Written with a dark pain and drama that recalls the novels of Dickens, Gathering Evidence is a powerful and compelling memoir of youth by one of the twentieth century's most gifted writers. Born in 1931, the illegitimate child of an abandoned mother, Thomas Bernhard was brought up by an eccentric grandmother and an adored grandfather. Tormented as a young student in rightwing, Catholic Austria, Bernhard ran away from home aged fifteen. At eighteen, he contracted pneumonia. Placed in a hospital ward for the old and terminally ill, he observed with unflinching acuity protracted suffering and death. From the age of 21, everything he wrote was shaped by the urgency of a dying man's testament - his witness, the quintessence of his life and knowledge - and where this account of his life ends, his art begins.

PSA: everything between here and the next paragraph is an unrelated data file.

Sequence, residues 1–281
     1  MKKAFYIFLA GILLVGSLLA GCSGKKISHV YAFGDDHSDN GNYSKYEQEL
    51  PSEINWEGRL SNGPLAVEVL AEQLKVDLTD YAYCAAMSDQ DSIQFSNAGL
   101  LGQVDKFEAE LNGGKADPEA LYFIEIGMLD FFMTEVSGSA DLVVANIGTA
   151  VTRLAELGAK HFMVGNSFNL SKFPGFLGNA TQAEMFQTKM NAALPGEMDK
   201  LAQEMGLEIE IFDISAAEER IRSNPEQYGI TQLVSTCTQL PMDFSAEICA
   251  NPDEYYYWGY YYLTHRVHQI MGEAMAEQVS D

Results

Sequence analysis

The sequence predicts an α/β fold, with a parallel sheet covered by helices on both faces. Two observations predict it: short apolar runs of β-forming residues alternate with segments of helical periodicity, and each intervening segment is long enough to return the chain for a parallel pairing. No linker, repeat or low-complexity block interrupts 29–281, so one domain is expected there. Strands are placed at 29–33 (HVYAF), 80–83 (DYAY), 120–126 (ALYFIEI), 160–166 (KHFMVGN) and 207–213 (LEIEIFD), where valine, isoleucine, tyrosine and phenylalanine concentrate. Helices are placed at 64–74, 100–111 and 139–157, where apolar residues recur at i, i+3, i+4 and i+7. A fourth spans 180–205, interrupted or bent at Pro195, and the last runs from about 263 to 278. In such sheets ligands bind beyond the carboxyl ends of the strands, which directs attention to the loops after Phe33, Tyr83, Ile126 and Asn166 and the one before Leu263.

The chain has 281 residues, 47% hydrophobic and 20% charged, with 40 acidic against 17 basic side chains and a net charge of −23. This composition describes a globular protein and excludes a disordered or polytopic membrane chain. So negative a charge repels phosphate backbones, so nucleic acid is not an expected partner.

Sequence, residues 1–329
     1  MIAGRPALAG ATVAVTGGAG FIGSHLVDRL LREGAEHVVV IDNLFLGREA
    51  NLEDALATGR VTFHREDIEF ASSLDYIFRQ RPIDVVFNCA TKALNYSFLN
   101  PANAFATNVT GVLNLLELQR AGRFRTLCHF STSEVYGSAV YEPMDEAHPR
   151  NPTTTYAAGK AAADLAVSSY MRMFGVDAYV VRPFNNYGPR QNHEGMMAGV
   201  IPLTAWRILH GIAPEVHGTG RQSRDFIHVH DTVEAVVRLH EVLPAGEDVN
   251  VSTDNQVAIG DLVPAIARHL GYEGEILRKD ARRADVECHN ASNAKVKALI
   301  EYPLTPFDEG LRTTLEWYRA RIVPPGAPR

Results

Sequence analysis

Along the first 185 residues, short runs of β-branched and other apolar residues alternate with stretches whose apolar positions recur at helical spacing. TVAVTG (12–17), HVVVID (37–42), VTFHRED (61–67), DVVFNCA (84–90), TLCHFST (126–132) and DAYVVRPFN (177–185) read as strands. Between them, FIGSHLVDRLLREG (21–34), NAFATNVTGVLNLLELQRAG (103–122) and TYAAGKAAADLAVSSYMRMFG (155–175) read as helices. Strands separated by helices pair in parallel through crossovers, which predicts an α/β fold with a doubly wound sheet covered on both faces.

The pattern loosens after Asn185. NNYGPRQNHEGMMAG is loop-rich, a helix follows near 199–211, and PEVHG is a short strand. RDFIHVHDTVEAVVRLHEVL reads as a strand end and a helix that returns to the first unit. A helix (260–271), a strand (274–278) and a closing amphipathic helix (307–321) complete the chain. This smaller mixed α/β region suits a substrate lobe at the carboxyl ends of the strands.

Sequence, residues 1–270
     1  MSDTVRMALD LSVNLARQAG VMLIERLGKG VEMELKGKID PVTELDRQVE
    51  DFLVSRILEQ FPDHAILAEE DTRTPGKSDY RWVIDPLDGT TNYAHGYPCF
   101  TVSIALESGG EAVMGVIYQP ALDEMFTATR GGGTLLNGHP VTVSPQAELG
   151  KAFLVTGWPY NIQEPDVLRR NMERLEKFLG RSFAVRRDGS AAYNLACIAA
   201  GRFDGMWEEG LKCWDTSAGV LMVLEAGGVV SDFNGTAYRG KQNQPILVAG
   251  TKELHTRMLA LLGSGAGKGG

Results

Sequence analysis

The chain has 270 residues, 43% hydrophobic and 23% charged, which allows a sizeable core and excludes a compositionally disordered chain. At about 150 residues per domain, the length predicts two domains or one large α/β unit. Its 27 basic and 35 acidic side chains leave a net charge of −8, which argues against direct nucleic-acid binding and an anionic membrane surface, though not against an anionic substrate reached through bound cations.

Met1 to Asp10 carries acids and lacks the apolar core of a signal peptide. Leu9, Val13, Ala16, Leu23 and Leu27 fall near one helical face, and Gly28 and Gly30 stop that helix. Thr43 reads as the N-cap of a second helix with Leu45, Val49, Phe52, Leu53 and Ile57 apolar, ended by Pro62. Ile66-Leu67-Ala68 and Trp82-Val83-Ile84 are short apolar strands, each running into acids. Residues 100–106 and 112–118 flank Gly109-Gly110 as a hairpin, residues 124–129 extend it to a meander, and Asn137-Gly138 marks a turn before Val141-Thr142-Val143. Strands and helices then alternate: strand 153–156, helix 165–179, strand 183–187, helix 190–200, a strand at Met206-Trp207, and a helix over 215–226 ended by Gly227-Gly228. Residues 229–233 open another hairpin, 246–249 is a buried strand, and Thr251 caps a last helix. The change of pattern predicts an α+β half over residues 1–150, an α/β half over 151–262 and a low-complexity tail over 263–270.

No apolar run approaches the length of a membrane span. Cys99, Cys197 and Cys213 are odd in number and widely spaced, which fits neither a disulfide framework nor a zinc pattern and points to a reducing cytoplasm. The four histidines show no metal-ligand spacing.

That has something to do with why I feel like I’m finished reading him, But he is stupendous. There has to be a good reason to stop reading such a person.